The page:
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Glossary

Asteroid
Rocky, carbonaceous, or metallic body, smaller than a planet and orbiting the Sun. Most asteroids are in semistable orbits between Mars and Jupiter, but others are thrown onto orbits crossing those of the major planets.
Comet
Body containing a significant fraction of ices, smaller than a planet an dorbiting the Sun, usually in a highly eccentric orbit. Most comets are stored far from the planetary system in two large reservoirs: the Kuiper belt beyond the orbit of Neptune, and the Oort cloud at near-interstellar distances.
“Encyclopedia of the Solar System” Edited by Paul R. Weissman, Luch-Ann McFadden and Torrence V. Johnson, Academic Press 1999.
Eccentricity
Measure of the departure of an orbit from a perfect circle. A circular orbit has an eccentricity of e = 0; an elliptical orbit has 0 < e < 1; a parabolic orbit has e = 1; and a hyperbolic orbit has e > 1.
“Encyclopedia of the Solar System” Edited by Paul R. Weissman, Luch-Ann McFadden and Torrence V. Johnson, Academic Press 1999.
Inclination
Angle between the plane of the orbit of a planet, comet, or asteroid and the ecliptic plane, or between a satellite’s orbit and the equatorial plane of its primary.
“Encyclopedia of the Solar System” Edited by Paul R. Weissman, Luch-Ann McFadden and Torrence V. Johnson, Academic Press 1999.
Kuiper Belt
Collection of some 1-10 billion or more icy bodies in low-eccentricity, low-inclination orbits beyond Neptune, extending out possibly to 1000 AU.
“Encyclopedia of the Solar System” Edited by Paul R. Weissman, Luch-Ann McFadden and Torrence V. Johnson, Academic Press 1999.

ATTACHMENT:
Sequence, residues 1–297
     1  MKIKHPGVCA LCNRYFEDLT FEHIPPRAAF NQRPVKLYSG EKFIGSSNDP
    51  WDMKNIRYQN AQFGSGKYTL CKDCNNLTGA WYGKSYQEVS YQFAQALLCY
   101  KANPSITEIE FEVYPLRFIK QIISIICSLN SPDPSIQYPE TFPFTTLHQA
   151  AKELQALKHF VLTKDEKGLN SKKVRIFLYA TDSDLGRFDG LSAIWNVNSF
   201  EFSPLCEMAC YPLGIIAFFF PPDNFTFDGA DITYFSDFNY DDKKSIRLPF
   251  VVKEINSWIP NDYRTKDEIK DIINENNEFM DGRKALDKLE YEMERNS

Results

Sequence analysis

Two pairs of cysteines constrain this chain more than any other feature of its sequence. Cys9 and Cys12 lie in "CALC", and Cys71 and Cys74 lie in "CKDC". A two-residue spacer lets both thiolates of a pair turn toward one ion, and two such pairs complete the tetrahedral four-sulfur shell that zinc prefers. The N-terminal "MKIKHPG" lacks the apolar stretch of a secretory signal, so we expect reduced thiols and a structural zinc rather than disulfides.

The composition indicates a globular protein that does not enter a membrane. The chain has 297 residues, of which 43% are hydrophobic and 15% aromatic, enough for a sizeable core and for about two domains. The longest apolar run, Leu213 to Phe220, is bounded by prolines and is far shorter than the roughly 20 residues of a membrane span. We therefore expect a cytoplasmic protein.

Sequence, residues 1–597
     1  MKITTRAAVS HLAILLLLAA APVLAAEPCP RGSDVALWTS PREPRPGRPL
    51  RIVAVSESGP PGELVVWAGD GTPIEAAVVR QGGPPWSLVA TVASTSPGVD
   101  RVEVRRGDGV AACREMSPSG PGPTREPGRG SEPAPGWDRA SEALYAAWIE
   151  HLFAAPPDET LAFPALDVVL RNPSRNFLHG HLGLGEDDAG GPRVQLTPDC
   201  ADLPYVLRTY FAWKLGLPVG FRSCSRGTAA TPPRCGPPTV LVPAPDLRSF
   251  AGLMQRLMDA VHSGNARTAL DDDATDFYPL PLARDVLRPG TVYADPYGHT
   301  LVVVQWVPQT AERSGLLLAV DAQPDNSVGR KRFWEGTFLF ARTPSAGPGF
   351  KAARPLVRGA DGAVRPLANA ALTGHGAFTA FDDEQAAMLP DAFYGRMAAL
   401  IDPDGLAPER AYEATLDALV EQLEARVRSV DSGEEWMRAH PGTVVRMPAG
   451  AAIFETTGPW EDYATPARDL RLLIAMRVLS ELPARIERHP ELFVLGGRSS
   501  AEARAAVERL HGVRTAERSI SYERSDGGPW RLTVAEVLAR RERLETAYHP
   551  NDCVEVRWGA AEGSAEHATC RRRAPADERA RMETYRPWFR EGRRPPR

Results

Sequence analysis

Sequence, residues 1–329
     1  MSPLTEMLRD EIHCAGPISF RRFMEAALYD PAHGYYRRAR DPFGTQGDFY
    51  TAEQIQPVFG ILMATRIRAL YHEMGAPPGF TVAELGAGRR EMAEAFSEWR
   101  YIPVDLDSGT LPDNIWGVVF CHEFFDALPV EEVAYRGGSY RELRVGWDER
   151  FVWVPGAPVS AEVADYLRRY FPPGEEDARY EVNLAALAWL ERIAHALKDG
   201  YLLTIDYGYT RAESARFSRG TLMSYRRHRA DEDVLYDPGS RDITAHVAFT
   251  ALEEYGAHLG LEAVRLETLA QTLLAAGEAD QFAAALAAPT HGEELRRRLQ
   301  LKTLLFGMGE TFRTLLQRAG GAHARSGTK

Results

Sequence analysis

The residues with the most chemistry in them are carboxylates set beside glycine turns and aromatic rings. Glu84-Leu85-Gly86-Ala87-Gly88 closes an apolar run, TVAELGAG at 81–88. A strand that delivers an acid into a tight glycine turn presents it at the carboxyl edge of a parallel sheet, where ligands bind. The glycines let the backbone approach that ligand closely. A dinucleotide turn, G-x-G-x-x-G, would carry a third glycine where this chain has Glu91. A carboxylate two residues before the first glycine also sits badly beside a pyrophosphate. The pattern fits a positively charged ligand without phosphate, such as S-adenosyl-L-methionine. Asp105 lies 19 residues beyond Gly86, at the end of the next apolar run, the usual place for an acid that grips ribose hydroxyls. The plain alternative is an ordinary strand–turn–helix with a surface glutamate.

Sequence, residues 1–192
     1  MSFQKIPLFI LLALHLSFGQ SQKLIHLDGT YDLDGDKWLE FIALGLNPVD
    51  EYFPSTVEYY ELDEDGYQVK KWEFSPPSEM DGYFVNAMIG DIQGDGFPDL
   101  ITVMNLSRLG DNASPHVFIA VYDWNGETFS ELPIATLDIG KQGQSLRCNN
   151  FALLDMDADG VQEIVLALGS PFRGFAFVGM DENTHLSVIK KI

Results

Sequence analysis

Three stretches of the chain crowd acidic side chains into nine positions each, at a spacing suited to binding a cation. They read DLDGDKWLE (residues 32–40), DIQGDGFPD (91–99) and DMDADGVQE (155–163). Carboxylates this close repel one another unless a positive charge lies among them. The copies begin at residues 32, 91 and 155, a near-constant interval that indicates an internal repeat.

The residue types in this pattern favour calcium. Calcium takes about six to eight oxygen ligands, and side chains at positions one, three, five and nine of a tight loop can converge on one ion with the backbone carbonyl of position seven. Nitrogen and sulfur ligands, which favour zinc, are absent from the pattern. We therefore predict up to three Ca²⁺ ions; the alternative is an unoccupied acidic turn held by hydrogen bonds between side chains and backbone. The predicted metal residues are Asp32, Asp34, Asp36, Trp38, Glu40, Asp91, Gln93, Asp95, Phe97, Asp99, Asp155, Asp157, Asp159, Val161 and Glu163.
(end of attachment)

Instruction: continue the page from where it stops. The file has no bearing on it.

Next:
Planet
Large body orbiting the Sun or another star, but not large enough to generate energy through nuclear fusion at its core. No formal definition of a planet exists and classifying exactly what is and is not a planet is often quite difficult. Some definitions demand that a planet should have an atmosphere, and/or a satellite, and/or be large enough to form itself into a sphere by self-gravity, and/or be able to gravitationally dominate its region of heliocentric space, but there are counter examples to every one of these requirements.
“Encyclopedia of the Solar System” Edited by Paul R. Weissman, Luch-Ann McFadden and Torrence V. Johnson, Academic Press 1999.
Planetesimal
Small body formed in the early solar system by accretion of dust and ice (if present) in the central plane of the solar nebula.
“Encyclopedia of the Solar System” Edited by Paul R. Weissman, Luch-Ann McFadden and Torrence V. Johnson, Academic Press 1999.
Satellite
Body in orbit around a planet. A satellite was recently discovered orbiting an asteroid and several other satellites are suspected to exist.